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  2. You will be happy to know Nick that use FD in a very similar way. I even have a folder called Personal Feeds. I just wish that some companies would get their act together and actually get their feeds working! I would be interested to know how to do the Gmail thing, I’ll have to sus that out.

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  3. Is your universal inbox an innie or an outtie? It is great it know our current feeds with Ytubes but I agree with you Nick that it would be nice to know your past. Especially, iTunes with Beatles stuff.

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  4. Hey Nick,
    I agree. I would even go so far as to say that I would like feeds that would download ALL the contect from someone to my desktop. I would love to be able to use FeedDemon (or any other prog for that matter) to archive what I feel is important and also to be my personal (and offline) searching utility.

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  5. Well, part of the problem isn’t just the providers, it’s the consumers. Meaning if I want to know when I have new gmail I’m not going to have an application, even as wonderful as FeedDemon, running constantly on my machine.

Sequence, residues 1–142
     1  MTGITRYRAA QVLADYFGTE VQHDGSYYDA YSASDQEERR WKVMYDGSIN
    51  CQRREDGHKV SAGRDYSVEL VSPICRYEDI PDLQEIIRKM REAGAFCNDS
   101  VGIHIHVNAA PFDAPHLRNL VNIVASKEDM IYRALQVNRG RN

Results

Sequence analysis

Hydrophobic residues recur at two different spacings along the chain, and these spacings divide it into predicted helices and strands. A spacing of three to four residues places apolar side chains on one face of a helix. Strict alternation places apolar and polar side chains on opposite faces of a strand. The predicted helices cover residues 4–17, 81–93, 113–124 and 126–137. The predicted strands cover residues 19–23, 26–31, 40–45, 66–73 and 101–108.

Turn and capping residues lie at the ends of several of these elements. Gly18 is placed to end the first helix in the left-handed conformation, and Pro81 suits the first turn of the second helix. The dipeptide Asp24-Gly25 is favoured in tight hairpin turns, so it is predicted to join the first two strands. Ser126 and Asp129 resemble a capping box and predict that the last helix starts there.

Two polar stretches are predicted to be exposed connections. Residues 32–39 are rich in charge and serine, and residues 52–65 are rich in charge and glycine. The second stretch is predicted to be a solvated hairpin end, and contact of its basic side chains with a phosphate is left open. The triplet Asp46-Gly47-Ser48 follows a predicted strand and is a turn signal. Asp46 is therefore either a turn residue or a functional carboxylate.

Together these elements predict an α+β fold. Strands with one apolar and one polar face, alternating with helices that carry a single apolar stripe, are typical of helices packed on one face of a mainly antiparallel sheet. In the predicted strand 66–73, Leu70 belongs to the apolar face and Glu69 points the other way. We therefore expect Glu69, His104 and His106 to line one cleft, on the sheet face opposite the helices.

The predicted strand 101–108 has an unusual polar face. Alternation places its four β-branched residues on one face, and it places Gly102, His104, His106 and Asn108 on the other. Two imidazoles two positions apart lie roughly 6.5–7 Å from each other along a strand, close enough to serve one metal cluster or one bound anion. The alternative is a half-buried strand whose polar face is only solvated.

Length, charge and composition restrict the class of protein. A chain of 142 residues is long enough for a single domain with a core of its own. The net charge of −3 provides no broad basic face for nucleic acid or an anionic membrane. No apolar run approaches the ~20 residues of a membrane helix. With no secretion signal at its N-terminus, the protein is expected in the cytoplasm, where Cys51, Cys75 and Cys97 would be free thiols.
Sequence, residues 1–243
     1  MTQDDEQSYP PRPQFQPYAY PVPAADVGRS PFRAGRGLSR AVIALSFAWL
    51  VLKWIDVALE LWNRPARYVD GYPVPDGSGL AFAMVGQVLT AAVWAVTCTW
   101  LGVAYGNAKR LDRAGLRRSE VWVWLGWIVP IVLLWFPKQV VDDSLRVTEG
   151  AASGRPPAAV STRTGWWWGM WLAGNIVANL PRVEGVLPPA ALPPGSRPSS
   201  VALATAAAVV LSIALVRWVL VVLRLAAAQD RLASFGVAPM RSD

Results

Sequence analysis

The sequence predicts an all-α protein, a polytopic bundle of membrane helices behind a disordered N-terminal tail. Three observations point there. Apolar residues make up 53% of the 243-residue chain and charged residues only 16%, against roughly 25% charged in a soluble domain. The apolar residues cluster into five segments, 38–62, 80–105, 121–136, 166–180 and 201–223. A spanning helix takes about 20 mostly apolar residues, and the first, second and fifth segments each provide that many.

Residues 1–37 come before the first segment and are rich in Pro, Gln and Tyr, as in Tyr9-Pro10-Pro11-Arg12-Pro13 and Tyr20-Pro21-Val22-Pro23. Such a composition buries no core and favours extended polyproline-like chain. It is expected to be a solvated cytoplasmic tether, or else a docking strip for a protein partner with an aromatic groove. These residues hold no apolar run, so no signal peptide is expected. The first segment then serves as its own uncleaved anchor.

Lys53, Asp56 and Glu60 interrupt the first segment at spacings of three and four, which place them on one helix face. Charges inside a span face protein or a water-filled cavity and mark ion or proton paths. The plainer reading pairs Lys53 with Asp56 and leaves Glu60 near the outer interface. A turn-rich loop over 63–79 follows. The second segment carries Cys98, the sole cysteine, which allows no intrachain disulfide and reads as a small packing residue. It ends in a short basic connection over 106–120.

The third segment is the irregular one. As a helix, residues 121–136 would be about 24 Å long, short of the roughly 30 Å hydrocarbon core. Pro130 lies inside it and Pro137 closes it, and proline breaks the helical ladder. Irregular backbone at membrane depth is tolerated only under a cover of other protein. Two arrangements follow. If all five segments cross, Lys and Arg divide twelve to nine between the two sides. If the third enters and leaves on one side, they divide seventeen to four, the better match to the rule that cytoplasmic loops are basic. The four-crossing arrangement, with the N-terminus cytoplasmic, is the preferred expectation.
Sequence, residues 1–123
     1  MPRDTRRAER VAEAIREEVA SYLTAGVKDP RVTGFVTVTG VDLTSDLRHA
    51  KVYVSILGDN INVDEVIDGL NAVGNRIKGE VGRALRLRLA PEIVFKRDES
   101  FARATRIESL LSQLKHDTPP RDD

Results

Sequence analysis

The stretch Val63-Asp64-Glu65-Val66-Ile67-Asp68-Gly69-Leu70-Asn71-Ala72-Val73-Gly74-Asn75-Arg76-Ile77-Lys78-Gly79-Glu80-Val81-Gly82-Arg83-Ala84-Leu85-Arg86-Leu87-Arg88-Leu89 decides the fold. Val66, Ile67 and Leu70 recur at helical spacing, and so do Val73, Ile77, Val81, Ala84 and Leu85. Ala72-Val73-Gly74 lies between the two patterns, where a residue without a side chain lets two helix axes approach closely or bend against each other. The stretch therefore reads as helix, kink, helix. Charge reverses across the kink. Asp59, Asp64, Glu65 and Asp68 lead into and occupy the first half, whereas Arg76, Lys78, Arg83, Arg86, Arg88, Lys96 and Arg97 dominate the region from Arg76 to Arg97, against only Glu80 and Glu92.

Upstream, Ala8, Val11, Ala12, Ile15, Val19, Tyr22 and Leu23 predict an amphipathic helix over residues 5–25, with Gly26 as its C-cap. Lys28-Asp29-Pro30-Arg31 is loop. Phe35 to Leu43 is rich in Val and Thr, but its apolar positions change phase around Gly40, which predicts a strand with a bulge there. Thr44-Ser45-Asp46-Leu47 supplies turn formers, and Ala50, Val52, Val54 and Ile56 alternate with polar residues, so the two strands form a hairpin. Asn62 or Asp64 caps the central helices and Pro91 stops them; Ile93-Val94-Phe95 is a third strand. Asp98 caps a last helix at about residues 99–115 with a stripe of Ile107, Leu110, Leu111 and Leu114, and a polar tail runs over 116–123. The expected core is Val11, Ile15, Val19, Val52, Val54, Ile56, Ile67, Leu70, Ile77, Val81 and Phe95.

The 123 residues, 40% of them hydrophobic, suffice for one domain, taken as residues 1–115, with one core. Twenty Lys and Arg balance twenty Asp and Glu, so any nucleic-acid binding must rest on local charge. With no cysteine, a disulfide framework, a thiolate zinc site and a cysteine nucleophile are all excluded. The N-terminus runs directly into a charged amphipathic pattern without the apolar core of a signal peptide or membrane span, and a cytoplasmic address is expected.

I often close FeedDemon on purpose just so I can get some work done, otherwise I’ll be yanked off of writing code anytime I see a blog update alert.
    Also, there are still issues with FeedDemon + NewsGator syncing when behind certain firewalls. I mentioned this in the forums a few times but using Fiddler I discovered that certain firewalls strip bits and pieces from the SOAP header, which in turn highly confuses the .NET SOAP handler. What’s odd is that I don’t see Delphi webservices (on the server side) having this issue, only .NET ones. To add salt to the wounds is the fact that FD’s “Connection Checker” reports the connection as A-OK, when it really isn’t.
    I believe for RSS to go beyond blogs the consumer application needs to support a different approach to RSS. The current look and feel of most readers has an e-mail/browser metaphor which to me doesn’t stress the notification/archival/data-housing aspect that you are talking about as much. Even a different UI layout for FeedDemon would perhaps stress this shift in usage.